100% I Wish I Knew (Hai shang chuan qi) (2020) The resulting mix of image and interview, weariness and wonder, makes for a sober assessment of just how much change China's largest city has been through since the 1930s... - Los Angeles Times EDIT
Read More | Posted Feb 13, 2020
87% Emma. (2020) Proof that bringing a timeless book and fresh talent together is still a worthy kind of artistic matchmaking. - TheWrap EDIT
Read More | Posted Feb 3, 2020
100% 2020 Oscar Nominated Shorts - Documentary (2020) On the nonfiction side, this year's short documentaries explore grim subjects with a variety of tones. - Los Angeles Times EDIT
Read More | Posted Jan 30, 2020
89% 2020 Oscar Nominated Shorts - Live Action (2020) The live action shorts aren't as sturdy in matching emotions and ideas with execution, but they have their moments. - Los Angeles Times EDIT
Read More | Posted Jan 30, 2020
95% 2020 Oscar Nominated Shorts - Animation (2020) The animation category is a quintet of clever two-handers about bonds new and old, perhaps tenuous but usually healing. - Los Angeles Times EDIT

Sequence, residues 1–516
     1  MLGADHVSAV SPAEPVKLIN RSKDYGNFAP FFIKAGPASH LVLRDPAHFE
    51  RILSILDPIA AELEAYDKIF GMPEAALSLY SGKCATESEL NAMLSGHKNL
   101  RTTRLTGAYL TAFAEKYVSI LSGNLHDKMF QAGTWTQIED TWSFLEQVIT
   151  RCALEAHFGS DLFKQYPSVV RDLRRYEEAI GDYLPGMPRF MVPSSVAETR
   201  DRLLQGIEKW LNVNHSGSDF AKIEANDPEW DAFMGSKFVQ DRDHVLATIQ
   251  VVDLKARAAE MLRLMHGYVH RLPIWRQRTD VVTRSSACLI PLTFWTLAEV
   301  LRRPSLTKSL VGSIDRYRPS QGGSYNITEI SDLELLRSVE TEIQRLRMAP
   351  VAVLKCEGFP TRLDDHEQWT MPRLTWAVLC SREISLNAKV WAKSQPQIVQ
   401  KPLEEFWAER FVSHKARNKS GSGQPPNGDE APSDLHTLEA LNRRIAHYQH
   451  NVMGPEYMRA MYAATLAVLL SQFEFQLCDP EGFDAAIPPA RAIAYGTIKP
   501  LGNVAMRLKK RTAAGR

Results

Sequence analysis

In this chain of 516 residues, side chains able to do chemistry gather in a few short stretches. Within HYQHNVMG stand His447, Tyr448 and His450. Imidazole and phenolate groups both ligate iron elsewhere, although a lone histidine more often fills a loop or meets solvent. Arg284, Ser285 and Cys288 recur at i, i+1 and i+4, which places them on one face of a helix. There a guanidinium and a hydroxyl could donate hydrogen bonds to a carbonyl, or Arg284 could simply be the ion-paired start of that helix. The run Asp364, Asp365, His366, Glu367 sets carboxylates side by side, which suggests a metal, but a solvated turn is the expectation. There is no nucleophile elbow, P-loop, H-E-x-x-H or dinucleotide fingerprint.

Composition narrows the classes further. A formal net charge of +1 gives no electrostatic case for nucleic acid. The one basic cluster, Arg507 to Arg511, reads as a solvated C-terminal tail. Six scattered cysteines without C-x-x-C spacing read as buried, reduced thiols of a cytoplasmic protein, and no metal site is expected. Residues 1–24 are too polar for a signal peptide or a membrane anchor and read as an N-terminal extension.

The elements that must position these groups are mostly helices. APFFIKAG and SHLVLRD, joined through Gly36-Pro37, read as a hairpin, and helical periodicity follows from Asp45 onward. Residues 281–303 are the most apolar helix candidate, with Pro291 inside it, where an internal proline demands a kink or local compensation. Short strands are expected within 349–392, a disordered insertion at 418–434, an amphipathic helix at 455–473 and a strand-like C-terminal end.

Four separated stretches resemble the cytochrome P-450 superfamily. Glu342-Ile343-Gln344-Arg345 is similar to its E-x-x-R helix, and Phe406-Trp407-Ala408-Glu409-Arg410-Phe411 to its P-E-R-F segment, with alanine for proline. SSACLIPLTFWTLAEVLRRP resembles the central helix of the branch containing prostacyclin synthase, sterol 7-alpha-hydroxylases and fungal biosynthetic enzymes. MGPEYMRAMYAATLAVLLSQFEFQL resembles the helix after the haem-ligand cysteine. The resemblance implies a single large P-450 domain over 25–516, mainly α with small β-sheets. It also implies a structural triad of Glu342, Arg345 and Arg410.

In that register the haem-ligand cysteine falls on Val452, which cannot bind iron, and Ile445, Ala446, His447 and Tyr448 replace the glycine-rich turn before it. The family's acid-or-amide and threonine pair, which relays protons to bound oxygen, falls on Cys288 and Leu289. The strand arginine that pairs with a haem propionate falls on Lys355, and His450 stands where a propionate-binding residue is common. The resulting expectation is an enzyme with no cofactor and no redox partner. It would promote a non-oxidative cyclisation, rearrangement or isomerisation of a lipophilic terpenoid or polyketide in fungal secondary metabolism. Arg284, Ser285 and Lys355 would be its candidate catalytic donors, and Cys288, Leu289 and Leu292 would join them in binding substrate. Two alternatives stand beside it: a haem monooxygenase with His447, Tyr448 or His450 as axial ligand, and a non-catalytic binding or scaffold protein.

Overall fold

Read More | Posted Jan 30, 2020
99% Never Rarely Sometimes Always (2020) Hittman wades into one of the more charged subjects of our time - abortion access - with the kind of sensitivity, focus and detail that will ensure its place as a dramatic standard for how to put a human face on a controversial topic. - TheWrap EDIT
Read More | Posted Jan 25, 2020
78% Jumbo (2020) Ultimately more of a well-intended melodramatic experiment than a fully realized love story about one of the more curious corners of humanity's sexual-psychological tapestry. - TheWrap EDIT
Read More | Posted Jan 25, 2020
86% Redoubt (2019) "Redoubt" is slow going but not uninvolving. - Los Angeles Times EDIT
Read More | Posted Jan 23, 2020
89% Jezebel (2019) "Jezebel" is a reminder that in everyday human stories is proof that the world is wide, and that in going behind the doors that movies rarely open, there are even more worlds worth discovering. - Los Angeles Times EDIT